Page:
Tuesday Oct 1 – Thursday Oct 3, 2019
The day after our event in Monee was October 1 and we had the day “off.” I did my monthly ag reporting job all morning while Dave did his usual trailer fussing/tweaking. I also blogged and we found the workout room. I walked on the treadmill while he rode a stationary recumbent bike.
Our hotel was in the town of Countryside. It was fairly centrally located to the event venues I was given ahead of time. And it worked out pretty well for the venues I was given later, too. We were on Joliet Road, which is part of Historic Route 66. We also got curious about Joliet Prison. It was not near us, but we considered going there if it would have been open for a tour, or even if it had a gift shop. Alas, the timing didn’t work out for us while we were there. The jail closed in 2002 and has been used in several movies. It hosted a big music festival last summer.
Wednesday, Oct. 2 was the day making us nervous. It was our big “show.” It was the state PhRMA conference. PhRMA is a trade association for about thirty pharmaceutical companies, and is also one of our sponsors/partners for the trailer. Our bosses from DC were also coming. And it was in downtown Chicago at a hotel. We were not sure about driving the truck and trailer downtown during the morning commute. Our local contact suggested getting there about 6:30 am, to get the trailer into position. We had clearance from the hotel to park under a porte cochére outside the convention center entrance.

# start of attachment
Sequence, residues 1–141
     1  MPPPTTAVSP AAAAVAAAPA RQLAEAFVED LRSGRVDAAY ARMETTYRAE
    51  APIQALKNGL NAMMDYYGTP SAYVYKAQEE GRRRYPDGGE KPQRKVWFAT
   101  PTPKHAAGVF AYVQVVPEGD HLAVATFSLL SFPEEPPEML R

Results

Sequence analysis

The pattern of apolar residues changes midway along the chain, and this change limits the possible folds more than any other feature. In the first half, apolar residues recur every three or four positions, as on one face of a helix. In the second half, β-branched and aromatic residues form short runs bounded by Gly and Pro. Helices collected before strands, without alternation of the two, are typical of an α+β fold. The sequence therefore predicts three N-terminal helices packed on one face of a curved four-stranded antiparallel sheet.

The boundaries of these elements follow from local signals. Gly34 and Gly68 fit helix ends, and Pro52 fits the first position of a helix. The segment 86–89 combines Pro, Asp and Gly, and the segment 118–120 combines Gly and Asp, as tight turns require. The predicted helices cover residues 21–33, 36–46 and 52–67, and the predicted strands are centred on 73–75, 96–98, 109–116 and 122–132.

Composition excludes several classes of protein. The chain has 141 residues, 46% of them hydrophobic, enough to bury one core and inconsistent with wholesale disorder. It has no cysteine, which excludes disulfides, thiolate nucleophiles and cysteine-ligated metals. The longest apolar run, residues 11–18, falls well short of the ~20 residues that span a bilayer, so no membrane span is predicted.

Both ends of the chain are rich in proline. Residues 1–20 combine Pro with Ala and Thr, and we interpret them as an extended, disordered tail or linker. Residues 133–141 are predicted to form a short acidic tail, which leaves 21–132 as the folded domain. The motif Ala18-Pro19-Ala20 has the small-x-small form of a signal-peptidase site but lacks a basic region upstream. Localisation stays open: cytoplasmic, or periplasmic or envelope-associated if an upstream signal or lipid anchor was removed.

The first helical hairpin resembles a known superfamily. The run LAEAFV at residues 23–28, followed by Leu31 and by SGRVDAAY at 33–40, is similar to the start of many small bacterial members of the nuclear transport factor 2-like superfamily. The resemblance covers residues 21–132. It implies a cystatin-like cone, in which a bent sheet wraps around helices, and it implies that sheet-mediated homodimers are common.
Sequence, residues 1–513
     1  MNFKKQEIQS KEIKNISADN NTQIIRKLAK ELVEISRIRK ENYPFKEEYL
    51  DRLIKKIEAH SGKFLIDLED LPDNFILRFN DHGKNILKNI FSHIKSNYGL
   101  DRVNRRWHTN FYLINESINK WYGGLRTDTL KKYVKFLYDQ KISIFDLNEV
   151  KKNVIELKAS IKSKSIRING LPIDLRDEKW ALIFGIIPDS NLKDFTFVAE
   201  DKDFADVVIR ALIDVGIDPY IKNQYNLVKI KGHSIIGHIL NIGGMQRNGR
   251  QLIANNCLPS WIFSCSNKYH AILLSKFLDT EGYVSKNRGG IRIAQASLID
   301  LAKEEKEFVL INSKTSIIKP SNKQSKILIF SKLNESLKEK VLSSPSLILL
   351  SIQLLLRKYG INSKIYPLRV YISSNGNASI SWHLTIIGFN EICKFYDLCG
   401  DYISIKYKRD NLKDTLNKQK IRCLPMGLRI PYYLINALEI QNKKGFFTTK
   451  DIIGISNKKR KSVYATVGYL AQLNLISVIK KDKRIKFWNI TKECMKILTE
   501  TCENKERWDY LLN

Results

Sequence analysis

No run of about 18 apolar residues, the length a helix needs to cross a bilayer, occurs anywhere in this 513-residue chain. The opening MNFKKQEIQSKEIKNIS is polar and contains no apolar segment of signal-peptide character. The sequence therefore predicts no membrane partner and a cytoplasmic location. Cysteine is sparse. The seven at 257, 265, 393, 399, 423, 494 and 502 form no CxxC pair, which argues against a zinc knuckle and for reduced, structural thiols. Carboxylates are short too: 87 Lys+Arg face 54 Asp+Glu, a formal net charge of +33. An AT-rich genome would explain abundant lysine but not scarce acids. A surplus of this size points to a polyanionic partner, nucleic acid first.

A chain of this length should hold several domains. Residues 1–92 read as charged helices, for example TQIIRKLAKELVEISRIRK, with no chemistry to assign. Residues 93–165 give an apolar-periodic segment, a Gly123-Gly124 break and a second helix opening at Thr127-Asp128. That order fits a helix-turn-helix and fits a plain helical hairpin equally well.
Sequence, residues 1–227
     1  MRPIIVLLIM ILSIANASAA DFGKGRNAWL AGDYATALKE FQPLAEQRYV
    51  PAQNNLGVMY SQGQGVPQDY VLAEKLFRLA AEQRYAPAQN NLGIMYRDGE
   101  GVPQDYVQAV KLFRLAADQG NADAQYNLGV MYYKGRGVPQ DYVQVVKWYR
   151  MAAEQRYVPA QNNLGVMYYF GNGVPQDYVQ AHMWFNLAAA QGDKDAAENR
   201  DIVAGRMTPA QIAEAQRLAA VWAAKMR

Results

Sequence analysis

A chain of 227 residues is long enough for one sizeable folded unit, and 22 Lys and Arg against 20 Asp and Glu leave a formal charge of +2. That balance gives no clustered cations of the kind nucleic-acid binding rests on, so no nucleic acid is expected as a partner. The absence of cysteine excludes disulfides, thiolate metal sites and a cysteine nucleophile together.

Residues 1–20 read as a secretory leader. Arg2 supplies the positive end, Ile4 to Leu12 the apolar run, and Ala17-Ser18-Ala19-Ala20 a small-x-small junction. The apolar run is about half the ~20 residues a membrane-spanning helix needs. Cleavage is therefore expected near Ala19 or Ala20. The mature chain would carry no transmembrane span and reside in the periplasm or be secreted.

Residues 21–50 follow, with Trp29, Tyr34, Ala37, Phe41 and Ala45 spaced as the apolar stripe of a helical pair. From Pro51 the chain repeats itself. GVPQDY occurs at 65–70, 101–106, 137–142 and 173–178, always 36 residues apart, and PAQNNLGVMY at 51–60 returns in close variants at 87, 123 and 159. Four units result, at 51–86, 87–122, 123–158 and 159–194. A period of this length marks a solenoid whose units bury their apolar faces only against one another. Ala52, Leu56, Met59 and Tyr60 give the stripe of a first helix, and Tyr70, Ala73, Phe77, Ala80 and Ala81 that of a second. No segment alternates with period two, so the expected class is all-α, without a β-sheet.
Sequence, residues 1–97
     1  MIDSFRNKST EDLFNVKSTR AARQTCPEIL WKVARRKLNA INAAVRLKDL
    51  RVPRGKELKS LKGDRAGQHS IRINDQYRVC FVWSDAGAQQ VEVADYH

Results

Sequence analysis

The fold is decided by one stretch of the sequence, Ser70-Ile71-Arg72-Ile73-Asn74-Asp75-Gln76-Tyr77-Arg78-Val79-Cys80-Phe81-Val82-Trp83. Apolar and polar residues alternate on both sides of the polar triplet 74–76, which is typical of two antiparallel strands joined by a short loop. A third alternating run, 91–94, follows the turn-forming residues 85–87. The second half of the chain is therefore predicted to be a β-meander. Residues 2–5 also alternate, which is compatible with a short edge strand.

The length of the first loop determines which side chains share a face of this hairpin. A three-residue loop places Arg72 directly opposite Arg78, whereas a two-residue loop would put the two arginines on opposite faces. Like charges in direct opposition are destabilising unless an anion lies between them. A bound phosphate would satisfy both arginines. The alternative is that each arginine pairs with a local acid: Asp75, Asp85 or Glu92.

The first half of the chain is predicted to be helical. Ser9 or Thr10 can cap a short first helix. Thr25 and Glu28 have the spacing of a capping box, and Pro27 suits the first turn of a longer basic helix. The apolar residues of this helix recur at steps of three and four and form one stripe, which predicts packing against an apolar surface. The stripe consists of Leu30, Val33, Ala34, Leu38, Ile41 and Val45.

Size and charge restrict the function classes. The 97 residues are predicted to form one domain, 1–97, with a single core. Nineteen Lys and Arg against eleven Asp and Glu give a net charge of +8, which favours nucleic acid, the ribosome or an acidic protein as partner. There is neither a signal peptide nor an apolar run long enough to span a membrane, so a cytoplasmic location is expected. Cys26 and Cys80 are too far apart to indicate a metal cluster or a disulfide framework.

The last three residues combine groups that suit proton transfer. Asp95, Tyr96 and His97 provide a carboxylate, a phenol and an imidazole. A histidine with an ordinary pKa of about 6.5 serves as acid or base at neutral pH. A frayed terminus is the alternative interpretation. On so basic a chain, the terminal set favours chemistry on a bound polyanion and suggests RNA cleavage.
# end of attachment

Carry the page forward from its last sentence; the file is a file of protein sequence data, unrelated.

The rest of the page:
Dave had made a friend at our hotel, a truck driver he met while having a cigar outside. Bob was from Texas, but he drives all over. He said the best time to go downtown is 4:30 a.m. Dave and I agreed to leave our hotel at 4:30. It was a good decision. We sailed into town with little traffic, found the hotel with only one wrong turn, but were able to quickly correct since there was no traffic to contend with right there. We parked where instructed. We’d been told the hotel staff had been informed about our dimensions and we were assured we’d fit.